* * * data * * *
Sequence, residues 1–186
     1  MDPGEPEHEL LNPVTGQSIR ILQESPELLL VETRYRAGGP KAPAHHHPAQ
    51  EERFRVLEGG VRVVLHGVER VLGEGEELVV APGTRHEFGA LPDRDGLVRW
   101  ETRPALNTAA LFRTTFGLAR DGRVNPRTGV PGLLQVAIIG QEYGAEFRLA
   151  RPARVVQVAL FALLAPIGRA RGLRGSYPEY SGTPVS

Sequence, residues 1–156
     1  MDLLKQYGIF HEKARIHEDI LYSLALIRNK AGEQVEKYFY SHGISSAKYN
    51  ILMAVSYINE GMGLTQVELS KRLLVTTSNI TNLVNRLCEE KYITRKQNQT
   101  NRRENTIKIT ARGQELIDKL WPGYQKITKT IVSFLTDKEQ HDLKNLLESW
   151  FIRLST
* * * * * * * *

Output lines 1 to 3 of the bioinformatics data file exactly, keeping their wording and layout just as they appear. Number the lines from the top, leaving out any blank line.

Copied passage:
Sequence, residues 1–186
     1  MDPGEPEHEL LNPVTGQSIR ILQESPELLL VETRYRAGGP KAPAHHHPAQ
    51  EERFRVLEGG VRVVLHGVER VLGEGEELVV APGTRHEFGA LPDRDGLVRW